Last month, the “rich and famous” from around the world, many of them in their private jets, descended on the tiny Swiss village of Davos-Klosters (population 11,000) for the annual meeting of the World Economic Forum.
The World Economic Forum (WEF) was set up in 1971 in Geneva by social entrepreneur Klaus Schwab purportedly to bring political and business leaders together to find solutions to global challenges. According to its 2016 annual report, WEF’s revenues of close to $240 million went towards activities supporting engagement in the fields of digital economy, education, healthcare, IT, mobility, the environment and energy, among others.
WEF’s annual meeting at Davos sees itself as the “foremost creative force for engaging the world’s top leaders in collaborative activities to shape the global, regional and industry agendas at the beginning of each year.” This year’s meeting held from January 23rd-26th was headlined by India’s prime minister, Narendra Modi, who gave the opening address, and French president Emmanuel Macron. Among the 340 political leaders attending were British prime minister Theresa May, Canada’s prime minister Justin Trudeau, Israeli premier Benjamin Netanyahu, the presidents of Brazil, Colombia, Zimbabwe, Switzerland and the European Commission, and the king of Jordan. Also attending were Wikipedia founder Jimmy Wales, actress Cate Blanchett and musicians will.i.am and Elton John. They were joined by some 1,900 CEOs and business leaders.
Upstaging all of them, perhaps, was Donald J. Trump, the first sitting US president to attend the meeting since Bill Clinton in 2000. While a spokesman for the Swiss government said it was “delighted” that President Trump was coming to the mountain resort, others made their displeasure clear. The youth wing of the Social-Democratic Party called on the Swiss government to prevent the visit while a petition headlined “Trump not welcome. Stay out of Davos” started by another left-wing group, Campax, reportedly gathered some 13,000 signatures. Earlier in January, several hundred anti-capitalist demonstrators marched in Switzerland’s capital Bern with placards reading “Eat the rich” and “Fight WEF, Trump, capitalism” The Swiss news agency ATS reported that the unauthorized protest, organized by a group called RJG, remained calm and without incident.
This year’s WEF theme, “Creating a shared future in a fractured world”, was certainly at odds with President Trump’s anti-globalist, “America First” agenda. Sessions focused on how to improve international cooperation on issues relating to the environment, the global economy and international security, as well as finding ways to overcome division. “Our world has become fractured by increasing competition between nations and deep divides within societies. Yet the sheer scale of the challenges our world faces makes concerted, collaborative and integrated action more essential than ever,” said WEF founder Schwab.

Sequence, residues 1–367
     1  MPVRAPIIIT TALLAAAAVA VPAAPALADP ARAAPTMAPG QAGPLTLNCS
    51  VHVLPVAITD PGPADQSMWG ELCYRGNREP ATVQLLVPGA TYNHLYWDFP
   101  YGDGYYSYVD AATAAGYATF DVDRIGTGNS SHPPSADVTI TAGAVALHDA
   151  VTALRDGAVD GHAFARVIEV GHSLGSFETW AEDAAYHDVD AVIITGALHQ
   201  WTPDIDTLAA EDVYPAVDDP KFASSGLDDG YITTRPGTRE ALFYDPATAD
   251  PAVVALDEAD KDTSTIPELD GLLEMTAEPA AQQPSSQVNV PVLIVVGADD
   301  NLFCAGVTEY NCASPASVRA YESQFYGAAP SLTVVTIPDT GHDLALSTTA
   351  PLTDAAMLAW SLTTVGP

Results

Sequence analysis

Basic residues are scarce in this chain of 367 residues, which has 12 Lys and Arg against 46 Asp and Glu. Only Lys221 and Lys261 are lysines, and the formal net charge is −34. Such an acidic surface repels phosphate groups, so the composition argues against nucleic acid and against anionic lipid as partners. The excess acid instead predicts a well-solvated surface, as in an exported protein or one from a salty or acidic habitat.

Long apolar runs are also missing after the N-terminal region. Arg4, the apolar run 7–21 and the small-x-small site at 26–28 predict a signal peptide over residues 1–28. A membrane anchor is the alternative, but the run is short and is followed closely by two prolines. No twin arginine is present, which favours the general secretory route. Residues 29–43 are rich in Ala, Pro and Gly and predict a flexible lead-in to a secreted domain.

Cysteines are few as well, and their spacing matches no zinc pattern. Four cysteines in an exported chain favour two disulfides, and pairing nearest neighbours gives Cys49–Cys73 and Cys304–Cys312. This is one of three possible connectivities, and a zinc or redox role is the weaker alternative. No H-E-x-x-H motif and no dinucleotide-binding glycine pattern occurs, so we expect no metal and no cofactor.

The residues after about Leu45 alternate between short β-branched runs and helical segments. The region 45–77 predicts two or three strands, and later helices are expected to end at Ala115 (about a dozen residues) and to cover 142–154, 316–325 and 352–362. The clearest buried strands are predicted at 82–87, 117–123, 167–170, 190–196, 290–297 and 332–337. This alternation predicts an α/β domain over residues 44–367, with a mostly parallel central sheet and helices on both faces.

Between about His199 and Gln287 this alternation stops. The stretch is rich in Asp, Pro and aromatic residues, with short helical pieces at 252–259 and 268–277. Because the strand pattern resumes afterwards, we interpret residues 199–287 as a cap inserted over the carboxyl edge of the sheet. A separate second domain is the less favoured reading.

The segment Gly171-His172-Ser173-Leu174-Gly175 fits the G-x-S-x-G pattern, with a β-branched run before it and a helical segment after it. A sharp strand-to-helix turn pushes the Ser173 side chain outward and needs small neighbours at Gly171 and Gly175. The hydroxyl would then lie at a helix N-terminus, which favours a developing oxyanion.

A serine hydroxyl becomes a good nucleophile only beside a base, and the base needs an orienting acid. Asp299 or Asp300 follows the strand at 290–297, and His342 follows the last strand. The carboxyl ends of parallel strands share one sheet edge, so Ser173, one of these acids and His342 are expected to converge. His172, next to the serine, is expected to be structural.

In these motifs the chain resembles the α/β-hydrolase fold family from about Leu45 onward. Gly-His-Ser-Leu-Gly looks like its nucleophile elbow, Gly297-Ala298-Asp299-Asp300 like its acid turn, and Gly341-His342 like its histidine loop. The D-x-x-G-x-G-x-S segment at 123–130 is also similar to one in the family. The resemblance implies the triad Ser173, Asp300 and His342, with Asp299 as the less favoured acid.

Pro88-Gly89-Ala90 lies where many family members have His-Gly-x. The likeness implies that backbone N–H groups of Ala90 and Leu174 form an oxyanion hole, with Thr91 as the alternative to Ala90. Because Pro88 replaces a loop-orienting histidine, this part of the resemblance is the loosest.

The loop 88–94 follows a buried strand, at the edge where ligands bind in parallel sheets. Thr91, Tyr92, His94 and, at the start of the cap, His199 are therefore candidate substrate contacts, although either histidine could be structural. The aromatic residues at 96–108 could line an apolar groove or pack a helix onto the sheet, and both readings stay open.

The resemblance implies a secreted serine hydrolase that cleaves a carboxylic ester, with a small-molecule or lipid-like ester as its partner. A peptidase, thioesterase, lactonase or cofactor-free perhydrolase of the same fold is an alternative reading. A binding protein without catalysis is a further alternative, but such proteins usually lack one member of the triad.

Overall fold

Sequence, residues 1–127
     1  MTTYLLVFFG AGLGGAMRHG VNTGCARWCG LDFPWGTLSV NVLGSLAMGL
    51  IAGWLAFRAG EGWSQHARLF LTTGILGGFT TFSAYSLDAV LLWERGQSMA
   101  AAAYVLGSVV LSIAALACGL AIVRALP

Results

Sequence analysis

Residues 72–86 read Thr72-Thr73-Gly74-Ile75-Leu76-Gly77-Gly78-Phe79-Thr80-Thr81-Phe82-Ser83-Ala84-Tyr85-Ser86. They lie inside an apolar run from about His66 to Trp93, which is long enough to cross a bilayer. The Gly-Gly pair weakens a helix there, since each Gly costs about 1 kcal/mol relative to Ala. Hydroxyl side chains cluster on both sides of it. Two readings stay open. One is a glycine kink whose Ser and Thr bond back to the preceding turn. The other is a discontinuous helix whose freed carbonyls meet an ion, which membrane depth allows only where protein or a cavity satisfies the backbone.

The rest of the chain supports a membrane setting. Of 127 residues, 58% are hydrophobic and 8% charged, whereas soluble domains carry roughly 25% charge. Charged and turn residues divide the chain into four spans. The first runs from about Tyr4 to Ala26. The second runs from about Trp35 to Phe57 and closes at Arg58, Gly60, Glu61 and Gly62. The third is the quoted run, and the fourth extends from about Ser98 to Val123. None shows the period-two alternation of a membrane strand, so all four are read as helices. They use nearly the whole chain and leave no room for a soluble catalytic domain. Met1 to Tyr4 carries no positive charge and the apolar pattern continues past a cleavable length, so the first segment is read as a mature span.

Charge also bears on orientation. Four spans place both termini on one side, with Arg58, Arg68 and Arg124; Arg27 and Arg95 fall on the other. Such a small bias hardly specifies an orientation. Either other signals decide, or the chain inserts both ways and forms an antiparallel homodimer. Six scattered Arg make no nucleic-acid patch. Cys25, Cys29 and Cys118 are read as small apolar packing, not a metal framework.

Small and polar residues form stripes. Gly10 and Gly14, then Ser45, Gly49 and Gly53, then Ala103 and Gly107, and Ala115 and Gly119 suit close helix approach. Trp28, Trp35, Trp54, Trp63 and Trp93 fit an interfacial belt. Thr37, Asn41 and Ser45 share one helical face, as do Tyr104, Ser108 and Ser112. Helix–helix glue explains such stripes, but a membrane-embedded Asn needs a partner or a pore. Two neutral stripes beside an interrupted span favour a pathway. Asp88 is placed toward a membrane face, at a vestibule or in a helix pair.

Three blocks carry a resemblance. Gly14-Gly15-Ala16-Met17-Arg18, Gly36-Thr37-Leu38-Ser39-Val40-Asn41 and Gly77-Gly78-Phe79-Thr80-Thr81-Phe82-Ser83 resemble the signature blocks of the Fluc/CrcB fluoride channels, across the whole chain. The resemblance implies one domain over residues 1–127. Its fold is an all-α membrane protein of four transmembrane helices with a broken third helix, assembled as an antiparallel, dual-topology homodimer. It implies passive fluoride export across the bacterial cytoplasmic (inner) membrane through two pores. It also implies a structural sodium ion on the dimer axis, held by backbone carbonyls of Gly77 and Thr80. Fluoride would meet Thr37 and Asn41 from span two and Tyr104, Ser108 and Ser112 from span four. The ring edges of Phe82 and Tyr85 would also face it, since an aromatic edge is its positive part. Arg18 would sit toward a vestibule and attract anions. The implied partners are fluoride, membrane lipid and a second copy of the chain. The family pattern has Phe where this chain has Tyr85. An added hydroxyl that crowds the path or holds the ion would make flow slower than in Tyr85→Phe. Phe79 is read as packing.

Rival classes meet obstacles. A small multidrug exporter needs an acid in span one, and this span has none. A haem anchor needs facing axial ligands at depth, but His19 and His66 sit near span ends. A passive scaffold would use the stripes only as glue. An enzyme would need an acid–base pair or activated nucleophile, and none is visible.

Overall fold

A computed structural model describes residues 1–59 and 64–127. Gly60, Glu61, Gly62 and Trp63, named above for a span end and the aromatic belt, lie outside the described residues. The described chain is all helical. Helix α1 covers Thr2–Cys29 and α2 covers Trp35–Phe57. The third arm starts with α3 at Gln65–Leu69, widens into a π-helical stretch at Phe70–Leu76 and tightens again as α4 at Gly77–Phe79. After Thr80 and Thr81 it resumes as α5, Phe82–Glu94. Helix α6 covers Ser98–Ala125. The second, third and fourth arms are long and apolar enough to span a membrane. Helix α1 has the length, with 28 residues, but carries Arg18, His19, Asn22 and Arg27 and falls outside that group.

Many note that the so-called experts and analysts who meet at Davos each year appear to have an extraordinary ability to get their forecasts entirely wrong. They utterly failed to predict the financial crisis, Brexit, oil prices, Donald Trump, interest rates or stock markets. Ironically, even their “doomsday” predictions about global warming (now re-branded as climate change) received a battering as Davos was buried under six feet of snow. The steep, pine-dotted mountain slopes around the town were so heavily laden that some neighborhoods had to be evacuated for fear of avalanches. The railway through the Alps from Zurich, and villages along the route were also at the highest level of avalanche alert. Swiss Rail had to unload Davos-bound passengers from their express trains, take them on a half-hour bus trip on back roads around the blockage and then load them onto a crowded red commuter train that ran the rest of the way into Davos.
How much you pay to attend Davos depends on your level of membership to WEF. According to the UK’s Guardian newspaper, basic annual membership to WEF (required if you want to buy a ticket to Davos) costs a little over $70,000. But that only grants access to certain sessions. Companies who are ‘associate partners’ or ‘partners’ of WEF pay more annually and get more access at Davos. At the top of the tree are the 100 “strategic partner” companies such as Accenture, Barclays, Deloitte, KPMG and Unilever who pay over $630,000 for annual membership, which entitles them to buy an “access-all-sessions” pass for themselves and five colleagues, including special privileges. But they still have to purchase actual tickets to the event – at almost $19,000. It takes around 4,500 Swiss army soldiers and police officers to keep the high profile attendees safe and secure. The bill for security comes in at around $8.4 million annually, split between local and federal authorities and the WEF
Davos has gained a reputation for extravagant parties where Michelin-star chefs prepare the canapés and rare, extremely expensive wines are guzzled like water. According to Business Insider in 2015, one party was shut down by police at 2am after receiving complaints about the excessive noise.